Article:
Stan Campbell, retired Oklahoma City Police Police Lieutenant and founder of D.O.P.E. the Movement, admits that McClain’s choice to wear a ski mask in August gave the officers some reason to be suspicious. Nonetheless, Stan says, “Officers should be trained to key-in on when someone says something that offers an alternative explanation for
unusual behavior, and they should take pause.” In McClain’s case, there was in fact an alternative explanation. His family later revealed that he suffered from anemia and often wore the mask because he got cold easily.
Initial reports suggested that McClain was on the autism spectrum, and although his mother said he never received an official autism diagnosis, Stan says, from a practical perspective, the young man’s behavior was consistent with someone on the spectrum. Stan has partnered with noted autism specialist Dr. Pam Wiley, establishing a program called Spectrum Shield where young adults with moderate to high-functioning autism can participate in a 3-day camp and experience simulated officer patrol encounters with real cops. The program allows both the officers and the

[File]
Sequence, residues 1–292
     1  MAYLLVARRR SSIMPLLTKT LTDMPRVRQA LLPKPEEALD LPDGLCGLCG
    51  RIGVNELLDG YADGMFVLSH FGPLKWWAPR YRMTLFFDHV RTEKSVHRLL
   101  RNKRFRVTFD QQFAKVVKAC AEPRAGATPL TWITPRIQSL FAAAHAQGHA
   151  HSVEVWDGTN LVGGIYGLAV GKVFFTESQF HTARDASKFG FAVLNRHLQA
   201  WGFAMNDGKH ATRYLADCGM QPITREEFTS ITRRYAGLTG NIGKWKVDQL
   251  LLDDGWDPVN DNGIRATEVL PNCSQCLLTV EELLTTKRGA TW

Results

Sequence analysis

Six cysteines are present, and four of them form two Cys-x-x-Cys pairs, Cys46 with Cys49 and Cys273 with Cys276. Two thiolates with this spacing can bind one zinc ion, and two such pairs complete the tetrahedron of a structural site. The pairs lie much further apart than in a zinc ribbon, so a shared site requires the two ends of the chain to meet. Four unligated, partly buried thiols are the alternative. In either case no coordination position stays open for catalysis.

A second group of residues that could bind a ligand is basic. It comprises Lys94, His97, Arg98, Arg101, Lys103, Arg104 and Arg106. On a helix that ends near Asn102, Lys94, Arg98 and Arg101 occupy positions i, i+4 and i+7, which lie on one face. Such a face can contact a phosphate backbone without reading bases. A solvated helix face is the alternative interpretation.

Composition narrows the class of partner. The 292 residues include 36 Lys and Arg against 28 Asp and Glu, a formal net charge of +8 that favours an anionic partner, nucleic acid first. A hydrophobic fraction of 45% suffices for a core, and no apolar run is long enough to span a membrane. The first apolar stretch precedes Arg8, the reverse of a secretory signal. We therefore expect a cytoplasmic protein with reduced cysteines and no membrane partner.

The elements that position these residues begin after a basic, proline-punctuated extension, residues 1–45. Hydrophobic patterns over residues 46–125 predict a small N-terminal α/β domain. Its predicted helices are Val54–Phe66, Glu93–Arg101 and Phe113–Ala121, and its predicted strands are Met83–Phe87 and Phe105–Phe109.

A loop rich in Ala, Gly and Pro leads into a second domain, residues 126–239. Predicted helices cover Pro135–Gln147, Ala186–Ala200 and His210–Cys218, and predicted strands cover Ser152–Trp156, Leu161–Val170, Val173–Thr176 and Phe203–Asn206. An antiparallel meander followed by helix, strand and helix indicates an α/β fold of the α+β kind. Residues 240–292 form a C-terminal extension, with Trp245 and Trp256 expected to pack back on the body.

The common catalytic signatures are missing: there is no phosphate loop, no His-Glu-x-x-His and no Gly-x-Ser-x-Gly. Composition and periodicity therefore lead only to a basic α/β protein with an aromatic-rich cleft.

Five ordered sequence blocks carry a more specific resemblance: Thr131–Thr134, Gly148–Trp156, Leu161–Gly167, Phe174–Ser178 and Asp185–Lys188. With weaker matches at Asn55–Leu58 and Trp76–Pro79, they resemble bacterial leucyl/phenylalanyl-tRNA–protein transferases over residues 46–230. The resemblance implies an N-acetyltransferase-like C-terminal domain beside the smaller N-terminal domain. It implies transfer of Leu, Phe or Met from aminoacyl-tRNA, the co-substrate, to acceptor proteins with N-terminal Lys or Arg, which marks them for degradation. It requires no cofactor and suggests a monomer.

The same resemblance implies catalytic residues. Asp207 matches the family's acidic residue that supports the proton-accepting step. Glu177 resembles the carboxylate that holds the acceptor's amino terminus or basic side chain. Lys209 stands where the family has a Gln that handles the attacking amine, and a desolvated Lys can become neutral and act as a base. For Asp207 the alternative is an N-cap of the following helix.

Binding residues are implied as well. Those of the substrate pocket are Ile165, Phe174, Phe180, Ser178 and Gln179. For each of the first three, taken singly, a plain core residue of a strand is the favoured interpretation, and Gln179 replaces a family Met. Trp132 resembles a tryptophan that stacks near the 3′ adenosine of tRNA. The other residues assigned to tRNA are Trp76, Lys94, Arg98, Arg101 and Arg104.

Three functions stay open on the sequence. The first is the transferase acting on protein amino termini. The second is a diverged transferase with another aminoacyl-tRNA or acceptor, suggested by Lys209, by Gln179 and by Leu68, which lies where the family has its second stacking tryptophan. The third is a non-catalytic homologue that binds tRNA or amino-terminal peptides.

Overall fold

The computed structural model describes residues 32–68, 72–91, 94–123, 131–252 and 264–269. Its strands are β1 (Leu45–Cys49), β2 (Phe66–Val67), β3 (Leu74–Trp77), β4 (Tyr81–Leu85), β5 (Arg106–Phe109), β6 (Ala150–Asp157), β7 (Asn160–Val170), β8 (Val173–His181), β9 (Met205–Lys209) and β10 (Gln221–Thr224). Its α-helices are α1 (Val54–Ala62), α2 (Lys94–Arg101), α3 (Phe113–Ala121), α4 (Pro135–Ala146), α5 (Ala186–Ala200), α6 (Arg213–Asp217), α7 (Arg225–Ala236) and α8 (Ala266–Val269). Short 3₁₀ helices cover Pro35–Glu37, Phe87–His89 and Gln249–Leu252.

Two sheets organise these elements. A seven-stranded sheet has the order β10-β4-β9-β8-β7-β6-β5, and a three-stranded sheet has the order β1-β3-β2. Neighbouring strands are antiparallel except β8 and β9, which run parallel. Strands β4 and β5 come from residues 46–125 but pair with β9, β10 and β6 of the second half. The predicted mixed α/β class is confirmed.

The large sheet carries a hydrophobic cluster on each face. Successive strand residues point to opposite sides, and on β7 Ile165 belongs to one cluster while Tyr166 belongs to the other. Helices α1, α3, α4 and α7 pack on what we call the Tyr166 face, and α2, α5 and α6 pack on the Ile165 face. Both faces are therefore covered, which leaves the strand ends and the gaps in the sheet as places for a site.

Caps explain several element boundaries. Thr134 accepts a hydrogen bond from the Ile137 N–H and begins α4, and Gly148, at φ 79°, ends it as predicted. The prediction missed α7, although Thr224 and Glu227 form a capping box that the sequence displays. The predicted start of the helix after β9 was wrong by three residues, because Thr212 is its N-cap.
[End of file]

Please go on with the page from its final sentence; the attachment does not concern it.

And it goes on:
civilian participants an opportunity to learn what makes such an encounter “different” – to use the word Elijah McClain applied.
“Across the nation, there’s absolutely not enough training for law enforcement in reference to those on the spectrum,” Stan says. Whether or not McClain was technically on the autism spectrum, Stan suggests that if the officers involved in the McClain incident had gone through proper training on how to deal with someone on the spectrum, they would likely have identified McClain’s behavior as strange but non- threatening, and they could have approached the situation differently.
Following the scathing independent investigation of the McClain tragedy, Colorado Governor Jared Polis appointed a special prosecutor, and two years after the incident, a grand jury indicted the three officers and two paramedics involved in McClain’s death. McClain’s family filed a civil lawsuit stating, “In a span of 18 minutes, defendants subjected Elijah to a procession of needless and brutal force techniques and unnecessary, recklessly administered medication.”